Third-party macro lenses – Introduction

Focal lengths that sit in the 90-105mm range have always been the most popular for macro photography, and there have been some classic lenses that fall into this bracket. Many contemporary versions are based on the older designs, so there are a number of models from which to choose. Virtually every camera manufacturer offers a macro lens in the 90-105mm range, but for this review we will be comparing three third-party models: the Sigma 105mm f/2.8 EX DG OS HSM Macro; the Tamron SP 90mm f/2.8 Di Macro 1:1 VC USD; and the Tokina 100mm f/2.8 AT-X M100 AF Pro D Macro. Each is very highly regarded, with the Sigma lens recently winning AP’s coveted Fixed Focal Length Lens of the Year award for 2013. The Tokina 100mm lens is also very well respected, while the newest lens in the group, the Tamron 90mm, is the latest incarnation of a favourite lens that is around 30 years old.

With such an excellent range of lenses available, it can be tricky deciding which one is right for you. Although sharpness and detail resolution are, of course, critical, there are other factors to consider, such as how easy it is to manually focus the lens, how loud the AF motor is, and what the minimum working distance is. All these elements will have a bearing on how appropriate the lens is for macro photography. Of course, lenses of this length can also be put to other uses – portrait photography, for instance, and particularly head-and-shoulders shots.

Why 90-105mm?

Countless 90-105mm macro lenses have been produced over the years, and there is clearly a large market for them, but why are they so popular? In fact, there are a number of reasons why people like these lenses, and not all of them are related to macro photography.

First, the slight telephoto focal length allows the photographer to maintain a suitable working distance from their subject and still achieve a 1:1 magnification. In macro photography, it is vital to allow some space between the end of the lens and the subject, mainly because of the subject itself. Insects, for example, are likely to fly, or scuttle off, should the photographer get too close. The photographer must also avoid casting shadows over the subject – either their own or those of the camera and lens. When working up close to the subject, particularly in natural light, it can be difficult to illuminate the subject well, and it is all too easy to cast an obvious shadow across the scene.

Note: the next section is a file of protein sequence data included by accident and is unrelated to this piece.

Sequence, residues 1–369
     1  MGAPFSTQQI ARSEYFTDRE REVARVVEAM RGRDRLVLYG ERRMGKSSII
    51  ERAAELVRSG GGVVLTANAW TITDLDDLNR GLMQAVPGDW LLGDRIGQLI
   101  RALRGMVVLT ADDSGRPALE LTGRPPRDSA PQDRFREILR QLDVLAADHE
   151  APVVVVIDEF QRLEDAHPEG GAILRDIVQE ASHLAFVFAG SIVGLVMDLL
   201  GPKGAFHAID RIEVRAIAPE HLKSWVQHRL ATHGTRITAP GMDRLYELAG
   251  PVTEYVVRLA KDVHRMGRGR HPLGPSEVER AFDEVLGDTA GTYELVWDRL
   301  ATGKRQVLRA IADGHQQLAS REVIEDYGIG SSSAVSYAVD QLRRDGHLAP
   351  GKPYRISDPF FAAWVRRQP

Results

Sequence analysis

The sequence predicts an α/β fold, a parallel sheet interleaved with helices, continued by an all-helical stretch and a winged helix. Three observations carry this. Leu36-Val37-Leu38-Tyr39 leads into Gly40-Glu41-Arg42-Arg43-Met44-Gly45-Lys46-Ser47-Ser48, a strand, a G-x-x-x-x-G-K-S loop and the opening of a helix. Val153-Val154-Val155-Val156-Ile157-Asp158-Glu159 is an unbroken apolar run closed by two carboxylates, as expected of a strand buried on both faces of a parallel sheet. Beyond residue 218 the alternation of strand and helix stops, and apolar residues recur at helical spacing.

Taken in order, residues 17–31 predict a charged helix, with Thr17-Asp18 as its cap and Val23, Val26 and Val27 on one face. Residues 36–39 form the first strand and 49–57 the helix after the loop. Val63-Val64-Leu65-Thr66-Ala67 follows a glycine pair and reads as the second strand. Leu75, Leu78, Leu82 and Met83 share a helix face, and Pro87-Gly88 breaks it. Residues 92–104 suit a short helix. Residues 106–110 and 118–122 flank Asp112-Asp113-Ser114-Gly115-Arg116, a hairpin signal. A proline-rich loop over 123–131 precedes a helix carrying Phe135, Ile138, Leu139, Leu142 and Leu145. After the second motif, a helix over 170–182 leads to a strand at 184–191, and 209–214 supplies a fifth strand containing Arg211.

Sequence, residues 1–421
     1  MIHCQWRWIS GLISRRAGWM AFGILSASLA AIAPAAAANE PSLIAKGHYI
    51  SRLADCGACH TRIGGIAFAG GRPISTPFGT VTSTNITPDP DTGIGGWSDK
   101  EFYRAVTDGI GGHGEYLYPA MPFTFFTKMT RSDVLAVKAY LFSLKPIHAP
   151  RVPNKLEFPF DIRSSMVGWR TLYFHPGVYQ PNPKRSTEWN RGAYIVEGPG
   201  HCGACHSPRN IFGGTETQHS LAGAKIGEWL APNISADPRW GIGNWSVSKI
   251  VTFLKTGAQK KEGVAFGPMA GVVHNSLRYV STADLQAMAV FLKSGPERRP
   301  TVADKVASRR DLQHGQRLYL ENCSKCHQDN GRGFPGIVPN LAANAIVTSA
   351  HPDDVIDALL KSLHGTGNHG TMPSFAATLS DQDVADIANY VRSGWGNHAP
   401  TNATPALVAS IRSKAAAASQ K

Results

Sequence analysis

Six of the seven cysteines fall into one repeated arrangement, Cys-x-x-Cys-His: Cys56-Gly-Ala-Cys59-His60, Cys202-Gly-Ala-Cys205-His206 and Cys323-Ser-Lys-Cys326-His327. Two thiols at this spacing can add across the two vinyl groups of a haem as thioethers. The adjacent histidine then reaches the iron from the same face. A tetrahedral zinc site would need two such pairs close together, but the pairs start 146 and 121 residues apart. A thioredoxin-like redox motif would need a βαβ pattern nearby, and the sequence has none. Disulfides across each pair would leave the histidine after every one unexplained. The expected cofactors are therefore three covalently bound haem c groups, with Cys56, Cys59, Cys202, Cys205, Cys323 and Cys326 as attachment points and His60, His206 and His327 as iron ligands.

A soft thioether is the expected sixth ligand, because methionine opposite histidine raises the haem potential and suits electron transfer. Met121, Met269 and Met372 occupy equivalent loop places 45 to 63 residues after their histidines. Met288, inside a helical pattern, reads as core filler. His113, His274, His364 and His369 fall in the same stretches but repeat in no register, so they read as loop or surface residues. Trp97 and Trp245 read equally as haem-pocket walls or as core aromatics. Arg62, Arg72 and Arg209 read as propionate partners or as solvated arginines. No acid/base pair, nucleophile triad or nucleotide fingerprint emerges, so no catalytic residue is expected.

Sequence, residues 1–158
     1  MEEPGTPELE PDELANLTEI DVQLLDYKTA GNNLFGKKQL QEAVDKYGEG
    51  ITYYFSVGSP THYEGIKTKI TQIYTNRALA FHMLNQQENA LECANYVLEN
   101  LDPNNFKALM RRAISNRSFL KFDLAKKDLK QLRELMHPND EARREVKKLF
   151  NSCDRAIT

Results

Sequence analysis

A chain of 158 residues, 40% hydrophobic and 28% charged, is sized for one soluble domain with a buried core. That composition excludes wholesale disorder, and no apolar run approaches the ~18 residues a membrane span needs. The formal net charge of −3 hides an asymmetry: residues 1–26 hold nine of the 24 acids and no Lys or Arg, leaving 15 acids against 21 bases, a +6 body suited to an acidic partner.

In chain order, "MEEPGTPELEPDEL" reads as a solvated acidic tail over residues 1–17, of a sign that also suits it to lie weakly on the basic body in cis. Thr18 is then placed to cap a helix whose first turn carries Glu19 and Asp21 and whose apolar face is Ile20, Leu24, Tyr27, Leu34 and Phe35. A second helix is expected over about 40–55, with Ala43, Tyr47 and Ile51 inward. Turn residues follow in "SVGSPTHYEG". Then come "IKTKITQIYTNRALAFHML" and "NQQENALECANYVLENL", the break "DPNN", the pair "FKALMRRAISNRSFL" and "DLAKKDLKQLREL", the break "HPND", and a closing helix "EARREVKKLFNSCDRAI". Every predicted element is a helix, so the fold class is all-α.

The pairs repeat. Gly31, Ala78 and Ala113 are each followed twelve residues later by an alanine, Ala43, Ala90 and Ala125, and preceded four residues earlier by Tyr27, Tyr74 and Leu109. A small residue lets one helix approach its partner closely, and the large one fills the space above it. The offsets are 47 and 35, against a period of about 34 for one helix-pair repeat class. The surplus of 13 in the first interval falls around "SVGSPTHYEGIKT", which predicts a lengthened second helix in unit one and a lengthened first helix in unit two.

All the lenses in this test have a minimum focus distance of around 30cm, which is significantly greater than the 18cm found on a 50mm macro lens. However, it is important to remember that the minimum focus distance is measured from the nearest point of focus to the focal plane, which is the surface of the film or sensor. Therefore, the flange depth and length of the lens must be deducted from the minimum focus distance to give a minimum working distance, which is the distance from the end of the lens to the subject. The longer the working distance, the easier it is for photographers to light the subject unobstructed and make sure the lens shadow doesn’t fall across the scene.

At around 100mm in focal length, a fixed lens should also show very little, if any, curvilinear distortion. Physically, a lens of this focal length should also be a good compromise between size and focal length. Longer focal lengths will need to be larger and heavier to include an f/2.8 aperture and, as a result, will be extremely difficult to use handheld for macro images.

For portrait images the focal length allows enough distance between the photographer and the subject to maintain a comfortable working space, both for lights and to make sure the subject doesn’t feel crowded. For documentary shots it also allows a photographer to work without the danger of inserting themselves into the scene.